Late Term Confusion
Time and time again I am struck by how little people know about abortion law and practice in the U.S. This includes most people with firm opinions on abortion. For example, earlier this week I noticed one right-wing blog after another celebrating the end of "late-term abortions," by which they obviously mean abortion of a viable fetus, presumably for frivolous reasons. Example:
Most Americans, even those who are pro-choice, understand how sick this procedure was. If a late term pregnancy was so harmful to the mother's health, then the mother should just deliver the baby and give the baby a chance to survive. But this procedure wasn't really about saving the life of the mother. It was about killing an unwanted baby. ...
... Some lefties are angry at Justice Kennedy, claiming that he's abandoned them, and now they're lamenting the fact that killing a late term unborn baby by sucking its brains out is no longer legal. Of course, they disguise partial birth abortion as "women's rights," which is a bunch of hooey.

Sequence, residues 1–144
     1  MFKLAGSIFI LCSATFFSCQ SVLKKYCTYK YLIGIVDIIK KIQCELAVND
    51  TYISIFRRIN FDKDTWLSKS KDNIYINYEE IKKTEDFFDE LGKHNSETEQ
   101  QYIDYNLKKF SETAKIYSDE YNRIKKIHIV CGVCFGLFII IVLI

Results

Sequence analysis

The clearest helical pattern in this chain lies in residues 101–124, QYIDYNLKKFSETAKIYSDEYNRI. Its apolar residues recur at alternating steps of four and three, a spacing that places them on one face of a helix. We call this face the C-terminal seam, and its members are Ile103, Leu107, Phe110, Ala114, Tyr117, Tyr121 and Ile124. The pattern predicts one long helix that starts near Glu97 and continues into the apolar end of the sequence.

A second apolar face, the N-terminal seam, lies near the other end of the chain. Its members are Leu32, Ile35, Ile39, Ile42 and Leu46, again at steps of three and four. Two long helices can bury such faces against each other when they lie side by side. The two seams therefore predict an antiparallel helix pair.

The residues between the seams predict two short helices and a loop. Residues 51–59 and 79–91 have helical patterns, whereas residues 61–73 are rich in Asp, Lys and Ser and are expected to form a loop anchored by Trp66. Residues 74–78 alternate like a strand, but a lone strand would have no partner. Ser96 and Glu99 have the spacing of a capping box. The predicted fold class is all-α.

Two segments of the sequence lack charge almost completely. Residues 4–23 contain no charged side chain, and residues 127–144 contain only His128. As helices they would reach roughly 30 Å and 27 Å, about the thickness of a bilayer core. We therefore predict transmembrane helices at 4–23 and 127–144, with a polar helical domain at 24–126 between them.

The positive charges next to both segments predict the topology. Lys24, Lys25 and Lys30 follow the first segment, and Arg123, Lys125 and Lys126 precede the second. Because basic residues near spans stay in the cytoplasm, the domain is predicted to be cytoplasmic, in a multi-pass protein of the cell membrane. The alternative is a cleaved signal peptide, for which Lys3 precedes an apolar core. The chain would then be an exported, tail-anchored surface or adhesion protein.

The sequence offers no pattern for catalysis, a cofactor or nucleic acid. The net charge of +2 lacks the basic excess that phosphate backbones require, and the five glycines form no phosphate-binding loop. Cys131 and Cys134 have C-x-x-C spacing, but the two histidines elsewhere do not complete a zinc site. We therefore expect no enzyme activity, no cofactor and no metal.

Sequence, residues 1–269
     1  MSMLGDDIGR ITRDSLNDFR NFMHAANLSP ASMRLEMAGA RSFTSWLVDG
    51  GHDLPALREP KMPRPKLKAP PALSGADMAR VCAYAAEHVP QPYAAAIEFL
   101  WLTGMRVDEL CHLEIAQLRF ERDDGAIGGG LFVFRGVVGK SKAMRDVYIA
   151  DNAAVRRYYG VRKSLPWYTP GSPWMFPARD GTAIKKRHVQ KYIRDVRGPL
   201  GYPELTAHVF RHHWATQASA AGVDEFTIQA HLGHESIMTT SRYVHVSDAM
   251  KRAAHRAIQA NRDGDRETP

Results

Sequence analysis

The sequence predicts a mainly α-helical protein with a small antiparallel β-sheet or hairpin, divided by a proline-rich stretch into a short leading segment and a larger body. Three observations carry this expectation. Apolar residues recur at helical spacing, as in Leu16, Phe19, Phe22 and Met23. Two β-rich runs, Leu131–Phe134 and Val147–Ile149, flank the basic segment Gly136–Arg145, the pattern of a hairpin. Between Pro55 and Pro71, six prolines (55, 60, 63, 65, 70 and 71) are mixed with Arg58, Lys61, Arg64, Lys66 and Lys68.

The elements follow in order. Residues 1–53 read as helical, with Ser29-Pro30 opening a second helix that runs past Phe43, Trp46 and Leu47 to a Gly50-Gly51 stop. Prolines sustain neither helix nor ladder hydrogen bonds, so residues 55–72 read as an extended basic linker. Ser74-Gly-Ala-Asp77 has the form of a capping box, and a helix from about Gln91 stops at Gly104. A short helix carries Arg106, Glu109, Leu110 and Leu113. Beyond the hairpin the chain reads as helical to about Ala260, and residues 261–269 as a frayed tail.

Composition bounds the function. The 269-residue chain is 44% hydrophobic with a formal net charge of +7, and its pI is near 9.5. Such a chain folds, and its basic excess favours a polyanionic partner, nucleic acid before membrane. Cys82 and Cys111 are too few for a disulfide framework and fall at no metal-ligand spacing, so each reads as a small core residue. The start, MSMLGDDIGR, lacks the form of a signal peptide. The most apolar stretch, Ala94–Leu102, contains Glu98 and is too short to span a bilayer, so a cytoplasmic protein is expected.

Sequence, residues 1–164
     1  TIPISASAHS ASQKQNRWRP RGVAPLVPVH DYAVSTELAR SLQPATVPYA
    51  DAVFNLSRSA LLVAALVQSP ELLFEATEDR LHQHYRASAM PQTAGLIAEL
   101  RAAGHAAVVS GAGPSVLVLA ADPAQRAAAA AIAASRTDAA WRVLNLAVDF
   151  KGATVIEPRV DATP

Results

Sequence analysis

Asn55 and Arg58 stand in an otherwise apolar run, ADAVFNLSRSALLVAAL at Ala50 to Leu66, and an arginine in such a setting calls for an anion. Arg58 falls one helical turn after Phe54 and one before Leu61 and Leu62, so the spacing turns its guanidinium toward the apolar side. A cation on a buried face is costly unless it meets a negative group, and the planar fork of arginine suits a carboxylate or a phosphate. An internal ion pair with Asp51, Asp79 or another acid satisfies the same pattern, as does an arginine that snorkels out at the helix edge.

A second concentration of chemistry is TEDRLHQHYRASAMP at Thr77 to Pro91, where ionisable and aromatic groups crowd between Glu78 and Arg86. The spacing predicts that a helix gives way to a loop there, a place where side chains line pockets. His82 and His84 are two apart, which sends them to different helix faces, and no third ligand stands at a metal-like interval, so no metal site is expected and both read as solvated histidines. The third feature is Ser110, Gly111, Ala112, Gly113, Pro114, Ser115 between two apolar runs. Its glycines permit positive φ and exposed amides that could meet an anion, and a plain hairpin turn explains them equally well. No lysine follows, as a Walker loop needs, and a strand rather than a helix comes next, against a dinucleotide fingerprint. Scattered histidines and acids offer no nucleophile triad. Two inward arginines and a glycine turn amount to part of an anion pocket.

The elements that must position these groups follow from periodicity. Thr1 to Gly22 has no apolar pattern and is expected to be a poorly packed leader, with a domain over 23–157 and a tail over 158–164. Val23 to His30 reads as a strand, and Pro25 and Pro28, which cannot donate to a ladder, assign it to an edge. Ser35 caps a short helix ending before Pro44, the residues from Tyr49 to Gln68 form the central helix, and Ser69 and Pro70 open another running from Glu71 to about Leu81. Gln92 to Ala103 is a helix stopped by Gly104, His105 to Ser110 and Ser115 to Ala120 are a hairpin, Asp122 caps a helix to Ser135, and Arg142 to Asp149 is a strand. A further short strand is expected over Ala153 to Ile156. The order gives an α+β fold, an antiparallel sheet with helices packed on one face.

Here's a feminist whose first comment was "We're f***ed." Sure, lady, if you mean that you can't go to an abortionist when you're 6+ months pregnant and have your unborn baby almost completely delivered except for his head and have his brains sucked out while he's still alive because you just don't feel like being pregnant any longer, then yes, I suppose you're f***ed. Be sure to check out the comments on this feminist's blog as well. These wacko women are beside themselves about the fact that they can't kill their babies in this manner any longer.But elective late-term abortions were already illegal in most states. Roe v. Wade allows states to ban abortions once the fetus has reached the gestation age at which it is potentially viable, about 23 weeks[*], except when the life and health of the mother are at risk. There are laws on the books in most states to that effect. Some of the states that don't have such laws in effect are those which tried to enact a law without the "life and health" exception, and the law got tangled up in court challenges.